“OutKast May Reunite At Coachella 2014” we said. ‘Yes, we probably are,’ they said, by way of this awesome photo of Big Boi and André 3000 taken this past weekend in their hometown of Atlanta.
“Just leaving the old Stewart Ave…” Big Boi posted on his Instagram, adding: “#unfuckwittable.” Truly.
After months of intense judging and voting, the Coors Light® “Search For The Coldest” Competition has reached its final round, with just eight talented MCs preparing to go head“to“head in a randomly selected freestyle battle live in New York City on July 26.
Winners from the New Orleans, New York, National Video, and National Wildcard Channels will face the regional winners from Baltimore, Atlanta, Philadelphia, and Charlotte. Check out the final eight below! When the dust settles onstage, a panel of music industry experts will judge the final performance and officially crown the nation’s coldest MC. Who will be victorious? Stay tuned to find out!
The Coors Light® “Search For The Coldest” Competition is entering the home stretch. Months of fierce competition have narrowed down the pack to 16 of the nation’s coldest semi-finalists who are ready to battle it out for the Grand Prize. Recently, Baltimore semi-finalists Harmony Muzik and KOVE took their game onstage alongside Ice Cube and special guest Wale to prove they’ve got the stuff to be crowned coldest. Check out the recap video of their performance below, and stay tuned for more vids fresh from Atlanta, Philadelphia, and Charlotte.
The Coors Light® Search For the Coldest Competition is about to kick things up a notch. Are you ready? The many have been whittled down to the few”it’s time to meet the round four Semi-Finalists.
The following eight Semi-Finalists from the New Orleans, New York, National Video, and National Wildcard channels will continue to battle it out for your votes online at searchforthecoldest.com until July 10.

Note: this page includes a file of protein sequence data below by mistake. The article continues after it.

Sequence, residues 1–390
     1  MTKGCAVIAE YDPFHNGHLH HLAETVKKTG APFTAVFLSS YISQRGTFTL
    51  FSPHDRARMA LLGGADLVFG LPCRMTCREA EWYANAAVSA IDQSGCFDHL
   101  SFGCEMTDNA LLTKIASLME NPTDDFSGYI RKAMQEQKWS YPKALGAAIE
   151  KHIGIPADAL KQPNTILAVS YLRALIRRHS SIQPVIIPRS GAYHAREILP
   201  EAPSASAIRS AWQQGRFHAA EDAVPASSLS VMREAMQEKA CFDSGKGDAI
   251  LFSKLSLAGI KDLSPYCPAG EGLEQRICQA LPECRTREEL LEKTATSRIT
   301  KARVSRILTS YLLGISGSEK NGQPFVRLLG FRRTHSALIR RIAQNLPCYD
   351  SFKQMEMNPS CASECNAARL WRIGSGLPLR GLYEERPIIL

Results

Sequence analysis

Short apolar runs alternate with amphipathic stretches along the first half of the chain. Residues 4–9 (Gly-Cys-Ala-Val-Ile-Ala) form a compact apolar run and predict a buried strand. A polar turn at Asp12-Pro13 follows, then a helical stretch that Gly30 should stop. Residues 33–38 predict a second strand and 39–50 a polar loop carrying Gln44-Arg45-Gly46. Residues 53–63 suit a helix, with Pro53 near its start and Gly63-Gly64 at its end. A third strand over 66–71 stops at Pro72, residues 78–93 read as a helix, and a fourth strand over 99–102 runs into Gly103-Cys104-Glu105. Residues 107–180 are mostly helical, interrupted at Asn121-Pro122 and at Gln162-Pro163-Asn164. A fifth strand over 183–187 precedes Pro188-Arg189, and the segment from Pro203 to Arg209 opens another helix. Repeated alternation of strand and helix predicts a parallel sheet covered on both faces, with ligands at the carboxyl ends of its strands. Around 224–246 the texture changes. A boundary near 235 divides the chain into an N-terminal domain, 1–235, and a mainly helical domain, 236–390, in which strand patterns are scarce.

With summer right around the corner, we can’t help but be totally stoked for Warped Tour. In case you haven’t heard, we’ll be sponsoring our own stage for twenty-two dates and bringing twenty-three artists out to perform on it. Twenty-two acts will snag a performance at their local tour stop, and Dallas native Larry g(EE) will be rocking the stage at each and every date. In addition, there are a handful of other OurStage artists already booked to play various dates of the tour. We decided to catch up with them to get the scoop on their summer plans.
Bassist Wes Hoffman is one of eight members in The Constellations, an OurStage band with a plan for world domination. This eclectic Atlanta group mixes elements of R&B, indie rock, blues and electronica, creating music that pleases people of all ages and backgrounds. We caught up with Wes to talk about the Atlanta music scene, who comes to their shows and what it’s like to work with the one and only Cee-Lo Green.
OS: You guys have eight members in the band. How did all of you meet?
WH: We met in Atlanta, through various other projects…work…the Atlanta music scene is pretty small, everyone kind of bumps shoulders with everybody. Myself and Elijah [Jones, vocalist] were involved in other projects before The Constellations, so we met each other doing that. My project came to a sliding halt and I started getting involved with other stuff, like booking shows. Before I was a member of the band, I actually booked them a couple times. I was trying to get them on this one show and the guy that was playing bass at the time couldn’t do it because he was out of town with his other band. I offered to fill in and that was almost three years ago.
OS: Since your music spans a few genres, do you see a significant mix of people in the crowd at your shows?
WH: Parents come to the show with their kids and they’re both fans, believe it or not! [laughs] Some of the hip-hop/soul kids that are there for the rhythms, and then there’s hipsters, standing there with their arms crossed, and then there’s people dancing, having a good time. It’s totally across the board, as far as age goes, too…young kids to grown adults, which is cool.
Before he became Vicious Corleone, Terance Williams was just a kid with a thing for Atlanta rap, who happened to have a dad with a thing for Queen, The Eagles and Journey. You can hear the convergence of those two schools in the rapper’s self-described Southern rebel music. Vicious mixes ˜90s hip hop with up-tempo, bass-heavy hooks and rock riffs”an intentional departure from both the dance hits and trap music that rule the Atlanta rap scene. On Shots Fired (Reload) snippets of sirens and 8-bit audio come in lashes, whipping up the audience. M.P.B. (that’s Music, Party, Bullshit) combines scraps of different beats, over which Vicious delivers his manifesto: We don’t want to be doctors or lawyers / We ain’t Huxtables. But don’t think that the rapper doesn’t have ambition. In 100 Miles and Running he sets his sights high, saying, I’d settle for Kelly Rowland / Ms. Knowles is taken. Atta boy.